Your home is your most valuable asset. Like any asset, you want to maintain, protect and even increase its value.
Just like your car needs an oil change, your home needs regular repairs and maintenance. The problem is they’re not ALWAYS predictable but they always seem to be expensive.
Often people try to band aid repairs and end up regretting it. Why? Because they didn’t take the time to work out the math & energy cost. For example, you may think you can’t afford the long-term replacement and opt only for the six month fix for your water heater. Then a couple months down the road you now have water damage and a new water heater to pay for.
There are a few questions you can ask yourself when you’re deciding whether to pay for a repair / replacement in your home:
- How long are you expecting to be in the home?
- What is the expected lifetime of appliance?
- What are the expected energy efficiency savings?
- Am I considering moving soon?
- Will this make my listing more attractive / increase the value of my home?
If you believe that your home is an asset worth protecting, we’re going to tell you exactly how to pay for repairs so that you don’t have a heart attack and so you don’t have to go into debt.
The secret here (after you’ve gotten on a zero-based budget) is to open up a home maintenance account and start putting money into it. TODAY!
Related: 5 reasons why you need a budget right now
As soon as you do that, you’ve got what we call a sinking fund.
A sinking fund is a savings account with a purpose. Unlike your emergency fund, a sinking fund is not for emergencies. It’s also not your investment account where all your money is piling up so you can retire and live generously later.
No, a sinking fund acknowledges that there are certain (often reoccuring) expenses that come up annually or biannually that are too big to afford in just one month.
Sinking funds PLAN for this.
As we’ve said before, some examples of sinking funds are:
- Christmas gifts
- Home maintenance
- Car maintenance
- Insurance premiums
Related: What is a sinking fund and do you need one? Or five?
In this case, there are a few different types of home expenses that you’ll want to save for:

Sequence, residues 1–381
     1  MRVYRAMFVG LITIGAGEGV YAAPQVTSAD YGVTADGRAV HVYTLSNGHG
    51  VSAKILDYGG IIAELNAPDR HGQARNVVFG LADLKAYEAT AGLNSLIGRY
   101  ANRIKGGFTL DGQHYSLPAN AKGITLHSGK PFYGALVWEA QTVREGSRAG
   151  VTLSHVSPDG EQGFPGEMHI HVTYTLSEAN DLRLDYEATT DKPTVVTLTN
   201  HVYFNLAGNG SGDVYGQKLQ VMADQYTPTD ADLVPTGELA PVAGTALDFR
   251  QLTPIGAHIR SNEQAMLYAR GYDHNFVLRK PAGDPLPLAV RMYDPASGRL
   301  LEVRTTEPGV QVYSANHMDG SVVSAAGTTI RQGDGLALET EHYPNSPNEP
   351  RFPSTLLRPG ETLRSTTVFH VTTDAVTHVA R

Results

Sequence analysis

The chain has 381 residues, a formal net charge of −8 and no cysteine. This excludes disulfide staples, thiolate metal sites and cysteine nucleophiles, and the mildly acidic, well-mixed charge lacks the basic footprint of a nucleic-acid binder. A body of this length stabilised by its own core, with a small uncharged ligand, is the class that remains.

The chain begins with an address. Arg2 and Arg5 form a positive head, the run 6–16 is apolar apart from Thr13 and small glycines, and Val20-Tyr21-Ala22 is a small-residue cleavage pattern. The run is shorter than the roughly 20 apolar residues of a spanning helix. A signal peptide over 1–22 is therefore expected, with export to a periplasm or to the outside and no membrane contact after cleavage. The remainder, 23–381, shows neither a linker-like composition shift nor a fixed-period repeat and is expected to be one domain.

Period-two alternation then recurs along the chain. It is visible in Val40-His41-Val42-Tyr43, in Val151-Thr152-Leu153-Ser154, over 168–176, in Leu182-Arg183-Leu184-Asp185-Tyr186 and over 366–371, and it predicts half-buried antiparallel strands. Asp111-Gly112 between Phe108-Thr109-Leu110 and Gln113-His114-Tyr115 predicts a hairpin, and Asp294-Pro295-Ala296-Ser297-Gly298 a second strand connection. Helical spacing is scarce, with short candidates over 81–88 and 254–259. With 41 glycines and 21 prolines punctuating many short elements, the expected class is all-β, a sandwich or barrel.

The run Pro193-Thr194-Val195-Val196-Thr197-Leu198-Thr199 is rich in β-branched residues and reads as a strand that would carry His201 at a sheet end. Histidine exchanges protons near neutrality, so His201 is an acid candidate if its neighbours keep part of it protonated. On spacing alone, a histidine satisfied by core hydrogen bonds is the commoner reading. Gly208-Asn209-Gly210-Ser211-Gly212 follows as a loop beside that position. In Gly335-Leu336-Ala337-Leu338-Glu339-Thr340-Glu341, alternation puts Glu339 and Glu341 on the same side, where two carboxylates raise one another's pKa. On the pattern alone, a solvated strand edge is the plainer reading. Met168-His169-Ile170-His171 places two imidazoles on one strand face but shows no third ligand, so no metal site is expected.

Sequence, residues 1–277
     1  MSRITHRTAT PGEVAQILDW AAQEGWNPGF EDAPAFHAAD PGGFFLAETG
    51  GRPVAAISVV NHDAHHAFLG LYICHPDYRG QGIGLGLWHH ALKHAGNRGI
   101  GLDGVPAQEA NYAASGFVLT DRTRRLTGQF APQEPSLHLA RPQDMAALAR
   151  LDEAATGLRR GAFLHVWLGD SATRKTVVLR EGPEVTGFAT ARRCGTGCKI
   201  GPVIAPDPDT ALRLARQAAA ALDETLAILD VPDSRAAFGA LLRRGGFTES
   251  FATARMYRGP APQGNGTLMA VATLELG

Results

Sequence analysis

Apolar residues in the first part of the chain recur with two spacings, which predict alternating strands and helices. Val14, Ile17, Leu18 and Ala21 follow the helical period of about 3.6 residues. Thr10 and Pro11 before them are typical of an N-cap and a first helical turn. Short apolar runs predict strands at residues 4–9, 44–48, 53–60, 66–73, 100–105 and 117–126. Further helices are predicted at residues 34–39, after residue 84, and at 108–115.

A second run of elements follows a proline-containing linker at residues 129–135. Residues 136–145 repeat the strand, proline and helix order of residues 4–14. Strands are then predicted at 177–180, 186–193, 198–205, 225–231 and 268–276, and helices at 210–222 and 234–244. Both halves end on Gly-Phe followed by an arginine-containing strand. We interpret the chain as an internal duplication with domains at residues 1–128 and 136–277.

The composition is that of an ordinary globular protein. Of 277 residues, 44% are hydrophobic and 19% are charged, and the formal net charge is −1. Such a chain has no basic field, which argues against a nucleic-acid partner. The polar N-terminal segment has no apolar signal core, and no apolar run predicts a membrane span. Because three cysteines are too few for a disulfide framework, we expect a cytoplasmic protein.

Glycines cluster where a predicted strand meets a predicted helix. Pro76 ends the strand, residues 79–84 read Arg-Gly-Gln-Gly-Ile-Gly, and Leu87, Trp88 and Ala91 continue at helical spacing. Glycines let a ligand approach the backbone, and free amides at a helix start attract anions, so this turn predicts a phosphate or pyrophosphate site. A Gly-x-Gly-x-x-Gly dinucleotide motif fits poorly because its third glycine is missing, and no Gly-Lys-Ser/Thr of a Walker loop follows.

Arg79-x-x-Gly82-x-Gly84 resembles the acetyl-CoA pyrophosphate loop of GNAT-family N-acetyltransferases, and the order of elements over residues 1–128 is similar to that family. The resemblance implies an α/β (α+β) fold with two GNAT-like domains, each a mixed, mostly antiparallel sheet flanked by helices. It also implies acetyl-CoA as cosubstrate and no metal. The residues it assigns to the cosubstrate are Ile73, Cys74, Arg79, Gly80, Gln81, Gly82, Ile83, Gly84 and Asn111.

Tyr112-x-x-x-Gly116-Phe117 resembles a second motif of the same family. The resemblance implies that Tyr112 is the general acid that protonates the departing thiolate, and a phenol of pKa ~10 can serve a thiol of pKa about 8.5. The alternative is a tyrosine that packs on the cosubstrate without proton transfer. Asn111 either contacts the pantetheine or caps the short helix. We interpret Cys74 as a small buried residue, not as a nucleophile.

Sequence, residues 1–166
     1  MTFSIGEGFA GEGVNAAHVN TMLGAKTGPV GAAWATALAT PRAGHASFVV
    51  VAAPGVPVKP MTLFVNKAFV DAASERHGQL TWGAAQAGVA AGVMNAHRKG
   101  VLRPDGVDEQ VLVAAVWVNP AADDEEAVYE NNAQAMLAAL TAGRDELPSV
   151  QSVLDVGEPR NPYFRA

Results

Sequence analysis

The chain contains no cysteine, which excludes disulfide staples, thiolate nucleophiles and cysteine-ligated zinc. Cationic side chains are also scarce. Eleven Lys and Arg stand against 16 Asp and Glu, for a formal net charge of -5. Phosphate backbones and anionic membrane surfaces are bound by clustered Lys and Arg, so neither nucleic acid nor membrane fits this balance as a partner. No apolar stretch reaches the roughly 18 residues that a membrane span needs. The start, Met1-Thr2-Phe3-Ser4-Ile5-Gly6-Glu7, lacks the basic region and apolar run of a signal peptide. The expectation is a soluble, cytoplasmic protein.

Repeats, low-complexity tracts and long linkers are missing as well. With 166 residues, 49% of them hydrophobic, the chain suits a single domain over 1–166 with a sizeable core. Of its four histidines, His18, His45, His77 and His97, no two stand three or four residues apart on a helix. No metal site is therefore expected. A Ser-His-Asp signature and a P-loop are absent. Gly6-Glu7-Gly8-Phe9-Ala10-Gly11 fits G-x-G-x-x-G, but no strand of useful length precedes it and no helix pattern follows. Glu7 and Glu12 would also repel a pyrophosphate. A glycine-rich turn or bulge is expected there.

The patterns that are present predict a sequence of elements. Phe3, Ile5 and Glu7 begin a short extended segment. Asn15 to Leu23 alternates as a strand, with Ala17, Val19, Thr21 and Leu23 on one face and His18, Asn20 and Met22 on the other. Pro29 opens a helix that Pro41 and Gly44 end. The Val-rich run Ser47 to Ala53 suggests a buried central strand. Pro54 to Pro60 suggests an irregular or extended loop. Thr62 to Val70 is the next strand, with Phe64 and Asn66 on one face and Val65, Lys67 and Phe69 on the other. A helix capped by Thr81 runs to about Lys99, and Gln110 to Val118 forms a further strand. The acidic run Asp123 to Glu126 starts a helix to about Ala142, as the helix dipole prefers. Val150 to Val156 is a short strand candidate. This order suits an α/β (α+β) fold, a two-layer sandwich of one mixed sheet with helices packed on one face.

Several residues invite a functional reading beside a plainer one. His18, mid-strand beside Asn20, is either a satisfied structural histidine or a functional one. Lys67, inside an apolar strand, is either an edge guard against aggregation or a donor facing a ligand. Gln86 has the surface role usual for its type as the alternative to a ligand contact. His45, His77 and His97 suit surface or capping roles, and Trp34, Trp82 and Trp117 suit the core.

- Maintenance: duct cleaning, water heater flush, etc
- Repairs: repairing a running toilet
- Replace: HVAC system
The cost for these things can scale up or down pretty wildly. What you DO know, for sure, is that one or more of them will come up for you as a homeowner.
In order to have some peace of mind, we suggest you open up an account, name it home mx or whatever fun version of that you can think of and then start putting some money in it every paycheck. This will go in as a line item in your budget. You can even make the transfer happen automatically so you don’t have to think.
Once you get that going, you might want to take the time to see what a realistic amount you need to save up is. First, let us tell you about the 50% rule:
50% rule= If an appliance is more than 50% through its lifespan and if the cost of one repair is more than 50% of the cost of buying new, you should replace rather than repair.
Now, think about the items you have in your home. This includes things like your dishwasher, water heater, ac unit and more. What sort of lifespan do they have? How far are you into those? Do you have warranties? Do you know about upcoming repairs?
All of these questions will inform your decision on how much to set aside each month (along with the “wiggle” room in your budget). Here are some example costs to replace:
- Water heater $2000 – $5000
- HVAC $7500+
- Air vent seals (duct upgrade) + Cleaning $2800
- Replumbing $14300+
- Heat pump $7500
So, if you are saving for something specific there is a specific formula you will use:
Total cost % time in months = monthly savings.
For example, if you know you have six months to save up for a new water heater you’ll want to get an estimate and then start setting aside that money. $3000 / 6 = $500 monthly.
61. How to afford expensive home repairs without having a heart attack or using debt – IDEAL BALANCE: How to Budget, Get Out of Debt, Save Money + Systems to Organize Your Finances
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